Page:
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COVID-19 Update: Denver Joins Counties in Colorado Virus Red Zone
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COVID-19 Update: Denver Joins Counties in Colorado Virus Red Zone

The big news coming out of Governor Jared Polis's July 21 press conference regarding Colorado's response to COVID-19 was his decision to issue a temporary, thirty-day order for any business with a state liquor license to stop serving or selling alcohol at 10 p.m. But revelations about counties losing ground in their fight against the novel coronavirus, discussed during the gathering by Colorado Department of Public Health and Environment Executive Director Jill Hunsaker Ryan, are far more ominous.

Ryan said that fifteen Colorado counties granted variances from the state's current Safer at Home and in the Vast, Great Outdoors public-health order, issued on June 30, have been informed that they've fallen beneath the health level that empowers them to moderate and adapt rules about businesses allowed to open, capacity percentages and more — and have just two weeks to reverse this trend before potentially losing their variances. In addition, Ryan revealed, a handful of counties without variances now have a disease incidence above 100 cases per 100,000 residents, a designation that places them in what she called a "red zone" that requires close monitoring and greater coordination with state officials.

Ryan didn't name any of the counties. But the CDPHE subsequently shared with Westword the names of the 21 counties in question, as well as the details of their current situations. And yes, Denver County is among them.

According to the CDPHE, the department sent a letter "to all counties with approved variances that have a two-week cumulative disease incidence rate in excess of fifty people per 100,000 population. The letter instructs counties to either submit a mitigation plan to CDPHE or confirm that they are moving the county entirely to the requirements of the Eighth Amended Public Health Order 20-28 with no variances, allowing only for more stringent restrictions to be imposed by the county."

The counties that received the letter include many along Colorado's urban corridor, as well as other less populous municipalities. Those given two weeks' notice to improve things or lose their variances: Denver, Douglas, Adams, Arapahoe, Larimer, El Paso, Prowers, Mineral, Grand, Eagle, Garfield, Custer, Chaffee, Broomfield and Pitkin.

The counties without variances that are now in the red zone: Sedgwick, Cheyenne, Montrose, Fremont, Dolores and Gunnison.

The department notes: "Counties do not need to wait to receive this letter to begin a mitigation plan. As soon as they notice that they have passed one of their suppression thresholds, they should notify CDPHE and begin implementing their mitigation plan. Mitigation plans can include strategies such as policies that promote greater social distancing, increased testing and contact tracing, and education campaigns that promote mask wearing and other protective behaviors."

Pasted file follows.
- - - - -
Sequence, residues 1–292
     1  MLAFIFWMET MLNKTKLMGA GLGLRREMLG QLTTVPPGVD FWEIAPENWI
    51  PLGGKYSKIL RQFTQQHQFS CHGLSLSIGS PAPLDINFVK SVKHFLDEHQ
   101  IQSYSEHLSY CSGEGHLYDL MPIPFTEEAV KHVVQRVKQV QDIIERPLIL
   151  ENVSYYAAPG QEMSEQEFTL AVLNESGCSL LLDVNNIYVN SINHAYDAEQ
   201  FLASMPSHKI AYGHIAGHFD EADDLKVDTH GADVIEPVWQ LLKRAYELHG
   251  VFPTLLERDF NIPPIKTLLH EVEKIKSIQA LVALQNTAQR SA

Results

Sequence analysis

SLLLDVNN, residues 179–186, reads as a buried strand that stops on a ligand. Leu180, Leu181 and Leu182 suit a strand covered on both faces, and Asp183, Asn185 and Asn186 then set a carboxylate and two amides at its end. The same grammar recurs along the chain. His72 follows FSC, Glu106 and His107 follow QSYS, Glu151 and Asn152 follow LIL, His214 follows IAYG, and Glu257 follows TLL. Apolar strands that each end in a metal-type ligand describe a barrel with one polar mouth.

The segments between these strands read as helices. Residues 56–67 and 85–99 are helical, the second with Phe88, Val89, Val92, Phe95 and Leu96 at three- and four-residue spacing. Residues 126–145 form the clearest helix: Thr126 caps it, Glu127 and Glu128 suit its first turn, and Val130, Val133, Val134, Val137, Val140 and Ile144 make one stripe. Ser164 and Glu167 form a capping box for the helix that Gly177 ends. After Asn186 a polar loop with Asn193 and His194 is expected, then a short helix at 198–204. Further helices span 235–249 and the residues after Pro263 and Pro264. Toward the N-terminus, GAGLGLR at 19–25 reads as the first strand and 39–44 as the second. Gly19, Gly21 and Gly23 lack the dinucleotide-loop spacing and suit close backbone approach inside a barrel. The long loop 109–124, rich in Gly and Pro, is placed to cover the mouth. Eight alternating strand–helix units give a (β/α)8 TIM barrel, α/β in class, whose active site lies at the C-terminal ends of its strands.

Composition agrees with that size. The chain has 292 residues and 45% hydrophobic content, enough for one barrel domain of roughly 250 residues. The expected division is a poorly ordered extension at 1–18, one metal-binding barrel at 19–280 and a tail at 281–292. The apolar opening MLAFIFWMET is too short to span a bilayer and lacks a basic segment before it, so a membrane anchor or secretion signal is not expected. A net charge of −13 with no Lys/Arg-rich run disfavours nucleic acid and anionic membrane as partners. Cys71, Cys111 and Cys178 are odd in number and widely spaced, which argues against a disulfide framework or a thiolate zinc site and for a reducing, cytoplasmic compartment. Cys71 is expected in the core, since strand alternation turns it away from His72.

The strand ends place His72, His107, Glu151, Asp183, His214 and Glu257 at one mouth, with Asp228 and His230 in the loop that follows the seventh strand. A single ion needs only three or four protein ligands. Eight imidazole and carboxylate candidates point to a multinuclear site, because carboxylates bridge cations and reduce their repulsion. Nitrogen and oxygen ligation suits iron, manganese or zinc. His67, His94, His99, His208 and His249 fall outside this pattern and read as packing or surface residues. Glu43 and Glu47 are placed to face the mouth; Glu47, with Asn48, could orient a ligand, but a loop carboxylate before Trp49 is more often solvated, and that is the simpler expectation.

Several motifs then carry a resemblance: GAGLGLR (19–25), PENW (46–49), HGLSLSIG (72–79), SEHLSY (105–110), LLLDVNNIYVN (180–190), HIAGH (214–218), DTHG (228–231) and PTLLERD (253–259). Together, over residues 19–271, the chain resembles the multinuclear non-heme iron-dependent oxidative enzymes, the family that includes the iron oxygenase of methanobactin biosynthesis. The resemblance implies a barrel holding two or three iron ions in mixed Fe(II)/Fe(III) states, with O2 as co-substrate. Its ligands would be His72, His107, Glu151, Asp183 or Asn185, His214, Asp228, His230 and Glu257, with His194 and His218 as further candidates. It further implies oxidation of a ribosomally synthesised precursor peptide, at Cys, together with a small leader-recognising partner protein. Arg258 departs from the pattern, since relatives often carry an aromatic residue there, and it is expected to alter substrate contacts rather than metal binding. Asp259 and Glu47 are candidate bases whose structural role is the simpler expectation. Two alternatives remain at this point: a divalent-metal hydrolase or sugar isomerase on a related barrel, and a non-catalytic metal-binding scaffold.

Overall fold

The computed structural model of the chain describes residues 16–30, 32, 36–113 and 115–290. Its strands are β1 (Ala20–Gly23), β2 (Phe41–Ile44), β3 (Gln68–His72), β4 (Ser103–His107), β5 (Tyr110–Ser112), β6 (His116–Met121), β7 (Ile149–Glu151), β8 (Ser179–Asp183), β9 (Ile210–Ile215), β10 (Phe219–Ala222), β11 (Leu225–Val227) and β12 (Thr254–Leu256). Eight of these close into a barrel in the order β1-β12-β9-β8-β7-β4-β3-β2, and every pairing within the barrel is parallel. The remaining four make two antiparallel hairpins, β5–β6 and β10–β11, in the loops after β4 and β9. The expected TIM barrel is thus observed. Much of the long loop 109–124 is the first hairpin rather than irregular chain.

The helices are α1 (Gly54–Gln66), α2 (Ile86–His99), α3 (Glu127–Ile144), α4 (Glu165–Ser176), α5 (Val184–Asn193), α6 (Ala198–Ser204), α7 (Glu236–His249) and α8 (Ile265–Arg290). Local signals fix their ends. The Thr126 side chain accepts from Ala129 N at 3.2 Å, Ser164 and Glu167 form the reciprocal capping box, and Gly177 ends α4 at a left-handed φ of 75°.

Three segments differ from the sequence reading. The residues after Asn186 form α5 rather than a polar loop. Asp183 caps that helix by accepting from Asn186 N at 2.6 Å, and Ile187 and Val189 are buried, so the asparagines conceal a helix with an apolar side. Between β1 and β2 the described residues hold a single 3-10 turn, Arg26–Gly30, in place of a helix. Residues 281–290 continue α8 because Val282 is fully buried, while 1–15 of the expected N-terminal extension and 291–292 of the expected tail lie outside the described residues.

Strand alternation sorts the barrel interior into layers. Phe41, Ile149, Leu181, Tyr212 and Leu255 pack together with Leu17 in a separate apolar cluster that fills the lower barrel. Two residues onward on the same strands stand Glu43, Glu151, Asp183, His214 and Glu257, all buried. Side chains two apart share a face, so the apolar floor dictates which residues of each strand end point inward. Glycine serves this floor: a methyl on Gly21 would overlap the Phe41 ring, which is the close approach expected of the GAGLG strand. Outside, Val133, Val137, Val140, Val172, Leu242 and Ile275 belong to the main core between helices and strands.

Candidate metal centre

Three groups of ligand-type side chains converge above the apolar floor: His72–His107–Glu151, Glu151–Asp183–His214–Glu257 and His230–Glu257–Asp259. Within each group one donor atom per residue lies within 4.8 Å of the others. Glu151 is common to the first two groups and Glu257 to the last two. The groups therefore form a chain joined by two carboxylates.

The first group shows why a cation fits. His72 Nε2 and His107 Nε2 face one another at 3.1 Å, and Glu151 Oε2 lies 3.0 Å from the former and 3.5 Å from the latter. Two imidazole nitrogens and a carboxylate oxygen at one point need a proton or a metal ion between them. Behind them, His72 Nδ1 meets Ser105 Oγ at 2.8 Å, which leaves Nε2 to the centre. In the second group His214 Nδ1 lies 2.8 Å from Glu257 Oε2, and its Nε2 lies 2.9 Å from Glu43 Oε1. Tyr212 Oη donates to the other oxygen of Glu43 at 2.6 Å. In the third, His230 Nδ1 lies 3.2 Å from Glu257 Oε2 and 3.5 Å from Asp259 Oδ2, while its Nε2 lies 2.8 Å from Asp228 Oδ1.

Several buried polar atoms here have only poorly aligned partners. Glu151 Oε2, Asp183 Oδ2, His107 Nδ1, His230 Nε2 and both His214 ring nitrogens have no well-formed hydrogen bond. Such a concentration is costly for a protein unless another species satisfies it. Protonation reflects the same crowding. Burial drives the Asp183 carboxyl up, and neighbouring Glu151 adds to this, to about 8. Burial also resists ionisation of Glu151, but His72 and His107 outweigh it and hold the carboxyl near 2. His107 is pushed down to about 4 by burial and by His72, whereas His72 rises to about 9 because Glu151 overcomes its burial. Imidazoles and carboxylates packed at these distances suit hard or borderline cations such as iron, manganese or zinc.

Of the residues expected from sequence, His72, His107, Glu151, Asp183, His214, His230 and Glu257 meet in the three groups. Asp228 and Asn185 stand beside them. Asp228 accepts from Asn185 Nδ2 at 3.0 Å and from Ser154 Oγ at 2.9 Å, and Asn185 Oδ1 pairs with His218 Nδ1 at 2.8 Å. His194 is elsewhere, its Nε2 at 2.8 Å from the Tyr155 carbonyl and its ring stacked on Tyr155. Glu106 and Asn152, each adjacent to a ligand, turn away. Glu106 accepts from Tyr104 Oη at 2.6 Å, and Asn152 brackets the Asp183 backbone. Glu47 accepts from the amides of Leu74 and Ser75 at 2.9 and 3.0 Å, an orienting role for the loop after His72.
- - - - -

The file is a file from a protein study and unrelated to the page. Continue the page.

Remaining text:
More details are available in the CDPHE's open data portal. The statistics collected in the section marked "Positive Cases and Rates of Infection by County of Identification" are historical in nature, based on all county reports since the pandemic began. Together they provide a much clearer picture of how these counties wound up in Colorado's red zone.

Here are the key stats for each of them, updated July 21, and listed in ascending order by rates per 100,000 residents — all but one of which are over the 100-per-100,000 benchmark:

1. Dolores County
County rate per 100,000: -1
County number of positive cases: 2

2. Fremont County
County rate per 100,000: 162.8
County number of positive cases: 77

3. Custer County
County rate per 100,000: 202.92
County number of positive cases: 9

4. Grand County
County rate per 100,000: 239.11
County number of positive cases: 37

5. Larimer County
County rate per 100,000: 322.81
County number of positive cases: 1,112

6. Prowers County
County rate per 100,000: 372.58
County number of positive cases: 45

7. Douglas County
County rate per 100,000: 401.64
County number of positive cases: 1,357

8. Cheyenne County
County rate per 100,000: 429.65
County number of positive cases: 9

9. Sedgwick County
County rate per 100,000: 483.52
County number of positive cases: 10

10. El Paso County
County rate per 100,000: 515.96
County number of positive cases: 3,604

11. Broomfield County
County rate per 100,000: 524.1
County number of positive cases: 362

12. Montrose County
County rate per 100,000: 558.45
County number of positive cases: 235

13. Pitkin County
County rate per 100,000: 894.9
County number of positive cases: 154

14. Garfield County
County rate per 100,000: 897.89
County number of positive cases: 528

15. Arapahoe County
County rate per 100,000: 942.67
County number of positive cases: 6,075

16. Adams County
County rate per 100,000: 1013.54
County number of positive cases: 5,133

17. Chaffee County
County rate per 100,000: 1073.5
County number of positive cases: 215

18. Denver County
County rate per 100,000: 1188.64
County number of positive cases: 8,429

19. Gunnison County
County rate per 100,000: 1222.85
County number of positive cases: 202

20. Eagle County
County rate per 100,000: 1558.43
County number of positive cases: 850

21. Mineral County
County rate per 100,000: 2187.9
County number of positive cases: 17

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